Wall Street Journal Reports: New Accounting Rules Drove Up U.S. Audit Fees in 2017
First published on Dec. 11, 2018 5:30 a.m. ET on The Wall Street Journal by Tatyana Shumsky.
U.S. public companies paid a median of 2.5% more in 2017 to auditors for assuring that their financial statements are free from material misstatements, according to an annual survey by the Financial Education & Research Foundation.
The increase was nearly double the 1.3% median rise in audit fees recorded in 2016 and came as companies prepared to implement sweeping new revenue accounting rules, which became effective for most public companies in 2018. U.S. public companies were also preparing to adopt new lease accounting rules, which come into effect for fiscal years starting after Dec. 15, 2018.
FERF examined audit fees reported in securities filings by 6,340 U.S. public companies, and surveyed more than 250 financial executives at public and private companies as well as nonprofit organizations.
New accounting standards were the most frequently cited factor behind changes to public company audit fees, with 47% saying it contributed to an increase, the survey found. Meanwhile, 42% of financial executives specified the focus on the new revenue recognition rules as the primary driver, while 33% pointed to acquisitions.
A change in accounting rules always entails a great deal of work on the part of both companies and auditors, said Chris Westfall, vice president of content strategy at professional organization Financial Executives International. FERF is the research affiliate of FEI.
Even companies that don’t have to make significant changes to their books and processes to comply with the new rules must still show regulators they’ve done the work to understand the new standard and explain why it doesn’t apply, Mr. Westfall said.
“It’s not just a yes or no. It is getting together with the auditor and documenting that, so there’s a reasonable amount of work involved,” Mr. Westfall said.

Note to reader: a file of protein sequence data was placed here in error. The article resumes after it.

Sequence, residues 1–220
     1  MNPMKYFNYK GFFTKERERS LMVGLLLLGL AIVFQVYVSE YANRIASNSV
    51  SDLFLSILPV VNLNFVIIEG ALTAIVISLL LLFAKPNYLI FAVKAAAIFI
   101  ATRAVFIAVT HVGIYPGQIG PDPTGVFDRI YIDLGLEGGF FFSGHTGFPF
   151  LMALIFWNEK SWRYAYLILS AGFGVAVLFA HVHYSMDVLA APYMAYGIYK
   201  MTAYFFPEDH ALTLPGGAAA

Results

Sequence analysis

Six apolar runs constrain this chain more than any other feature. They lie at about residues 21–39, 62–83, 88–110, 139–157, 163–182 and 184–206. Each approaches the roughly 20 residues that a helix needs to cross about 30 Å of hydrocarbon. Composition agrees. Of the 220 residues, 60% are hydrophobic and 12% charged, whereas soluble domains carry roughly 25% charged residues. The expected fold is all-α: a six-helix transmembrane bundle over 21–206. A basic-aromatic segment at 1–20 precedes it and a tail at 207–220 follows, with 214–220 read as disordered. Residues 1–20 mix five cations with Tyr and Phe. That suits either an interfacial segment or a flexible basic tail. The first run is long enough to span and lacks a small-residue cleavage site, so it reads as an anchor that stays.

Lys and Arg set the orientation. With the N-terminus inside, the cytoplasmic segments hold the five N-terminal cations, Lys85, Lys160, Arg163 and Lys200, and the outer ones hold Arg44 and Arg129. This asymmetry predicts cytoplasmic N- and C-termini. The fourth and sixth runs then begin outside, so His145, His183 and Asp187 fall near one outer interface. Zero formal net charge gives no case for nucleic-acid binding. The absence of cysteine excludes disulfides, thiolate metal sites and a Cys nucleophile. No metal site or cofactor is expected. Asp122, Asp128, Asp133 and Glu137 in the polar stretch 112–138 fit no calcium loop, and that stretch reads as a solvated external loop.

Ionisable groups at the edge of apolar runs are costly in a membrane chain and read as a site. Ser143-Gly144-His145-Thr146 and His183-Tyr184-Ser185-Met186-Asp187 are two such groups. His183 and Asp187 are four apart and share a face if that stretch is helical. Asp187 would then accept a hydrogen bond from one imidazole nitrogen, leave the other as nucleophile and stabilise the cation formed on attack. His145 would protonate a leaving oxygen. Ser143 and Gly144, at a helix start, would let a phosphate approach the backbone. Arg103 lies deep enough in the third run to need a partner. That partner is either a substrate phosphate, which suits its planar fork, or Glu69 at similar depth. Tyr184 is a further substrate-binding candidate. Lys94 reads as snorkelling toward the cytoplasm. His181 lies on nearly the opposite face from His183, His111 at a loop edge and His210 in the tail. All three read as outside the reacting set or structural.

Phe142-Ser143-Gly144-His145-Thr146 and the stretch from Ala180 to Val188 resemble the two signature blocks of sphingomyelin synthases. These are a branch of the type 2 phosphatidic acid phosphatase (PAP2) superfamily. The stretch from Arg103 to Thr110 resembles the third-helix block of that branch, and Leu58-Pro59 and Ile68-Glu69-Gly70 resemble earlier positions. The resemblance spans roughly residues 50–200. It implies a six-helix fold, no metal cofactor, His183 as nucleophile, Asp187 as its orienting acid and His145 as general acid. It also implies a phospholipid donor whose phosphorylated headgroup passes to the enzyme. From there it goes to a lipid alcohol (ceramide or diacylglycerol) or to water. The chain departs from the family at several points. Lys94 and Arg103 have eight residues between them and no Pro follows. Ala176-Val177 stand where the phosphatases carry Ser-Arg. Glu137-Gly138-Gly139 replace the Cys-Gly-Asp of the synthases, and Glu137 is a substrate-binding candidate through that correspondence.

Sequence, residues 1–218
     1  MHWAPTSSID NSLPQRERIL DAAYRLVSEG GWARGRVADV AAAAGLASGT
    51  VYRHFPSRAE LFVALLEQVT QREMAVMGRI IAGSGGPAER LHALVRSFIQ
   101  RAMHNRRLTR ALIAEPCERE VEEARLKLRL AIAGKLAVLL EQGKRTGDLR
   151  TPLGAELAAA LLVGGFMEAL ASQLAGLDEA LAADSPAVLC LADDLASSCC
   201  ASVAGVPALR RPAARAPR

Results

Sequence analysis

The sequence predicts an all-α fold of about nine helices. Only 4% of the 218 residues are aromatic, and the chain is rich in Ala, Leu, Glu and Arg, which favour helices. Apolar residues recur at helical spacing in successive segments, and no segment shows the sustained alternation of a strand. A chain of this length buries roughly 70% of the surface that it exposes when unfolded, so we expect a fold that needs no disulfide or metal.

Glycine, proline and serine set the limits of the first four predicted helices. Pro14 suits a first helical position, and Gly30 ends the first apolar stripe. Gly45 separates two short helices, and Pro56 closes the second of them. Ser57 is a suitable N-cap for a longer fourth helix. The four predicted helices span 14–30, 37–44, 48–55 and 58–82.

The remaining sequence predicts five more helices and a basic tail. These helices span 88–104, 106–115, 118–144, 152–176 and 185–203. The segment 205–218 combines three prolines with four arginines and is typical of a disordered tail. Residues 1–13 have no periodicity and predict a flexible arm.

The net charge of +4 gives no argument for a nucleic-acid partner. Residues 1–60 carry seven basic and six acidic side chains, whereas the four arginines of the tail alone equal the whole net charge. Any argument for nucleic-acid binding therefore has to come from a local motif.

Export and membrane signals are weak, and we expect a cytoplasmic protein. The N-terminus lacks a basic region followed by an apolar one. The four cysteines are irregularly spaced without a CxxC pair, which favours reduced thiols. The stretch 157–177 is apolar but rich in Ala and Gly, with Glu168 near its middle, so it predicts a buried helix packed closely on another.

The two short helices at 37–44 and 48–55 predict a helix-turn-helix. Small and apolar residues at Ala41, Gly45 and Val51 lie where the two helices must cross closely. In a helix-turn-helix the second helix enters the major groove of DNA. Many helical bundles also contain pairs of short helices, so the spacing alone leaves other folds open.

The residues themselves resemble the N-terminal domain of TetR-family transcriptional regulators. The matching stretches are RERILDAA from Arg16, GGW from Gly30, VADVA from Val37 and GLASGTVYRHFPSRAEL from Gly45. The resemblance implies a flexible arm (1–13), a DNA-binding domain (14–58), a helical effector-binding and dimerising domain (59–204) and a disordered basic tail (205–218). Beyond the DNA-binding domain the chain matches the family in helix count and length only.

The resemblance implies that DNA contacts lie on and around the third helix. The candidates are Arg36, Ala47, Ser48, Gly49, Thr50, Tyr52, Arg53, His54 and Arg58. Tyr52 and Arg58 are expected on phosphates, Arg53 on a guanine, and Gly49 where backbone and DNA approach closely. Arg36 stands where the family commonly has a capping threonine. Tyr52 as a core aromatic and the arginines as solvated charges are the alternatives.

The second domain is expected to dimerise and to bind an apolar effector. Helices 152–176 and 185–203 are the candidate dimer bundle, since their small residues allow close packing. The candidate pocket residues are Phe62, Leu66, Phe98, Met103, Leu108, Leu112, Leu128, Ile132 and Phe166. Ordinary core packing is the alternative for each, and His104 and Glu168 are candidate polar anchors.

Sixty-nine percent of finance executives said they put substantial effort into implementing new accounting standards, while 51% said they engaged their external auditor for these efforts.
Defense contractor L3 Technologies Inc. began work on the new revenue accounting rules three years before the 2018 implementation date, Assistant Controller Dino Theodoracopoulos told the FERF survey. The company worked with its auditor on developing new accounting policies and solving any challenges linked to applying the new rules to the contracts L3 Technologies has with its customers, he said.
“From an audit perspective, there was no more complexity than we would have anticipated, but because of the additional work performed by our auditors, there was a notable increase to our audit costs,” Mr. Theodoracopoulos told FERF.
And audit fees could keep climbing in the near term as larger companies ramp up the use of automation, survey respondents said.
Finance departments increasingly are deploying robots to perform basic tasks such as matching transactions in ledgers and subledgers or moving data from a core system into a reporting system. Some companies also are relying on artificial intelligence to identify patterns or compile data from several different sources, the survey found.
These automation efforts aim to improve efficiency and enhance oversight, but in the short term, they’re likely to raise audit-related costs as auditors must validate the technology and ensure it complies with rules, the survey said.
“We automate wherever possible,” Jill Klindt, chief accounting officer at software maker Workiva Inc., told CFO Journal. Manual processes are more time consuming and more prone to errors, while automation also removes the need to add staff, she said.
But each time the company implements a new system, its auditors must test and review it to make sure the system and relevant oversight measures are functioning correctly, Ms. Klindt added.
“In the first year when you implement a new system, there’s additional [audit] fees to do that implementation,” Ms. Klindt said. In subsequent years, the workload declines as auditors rely on change-management reporting within those systems to track any changes, she said.
Workiva (NYSE:WK) is a sponsor of the FERF survey.
Audit firms themselves also are deploying these new technologies to make audits more thorough and efficient, the survey found.
“We’re using data analytics to look for anomalies in different areas of risk, such as fraud risk or revenue-recognition areas,” said Jerry Ravi, partner at accounting and audit firm EisnerAmper LLP, in the survey. Robotics could enable auditors to examine the entire data set, rather than just a sample, and reduce the manual efforts required to compile and prepare the data for analysis, he said.
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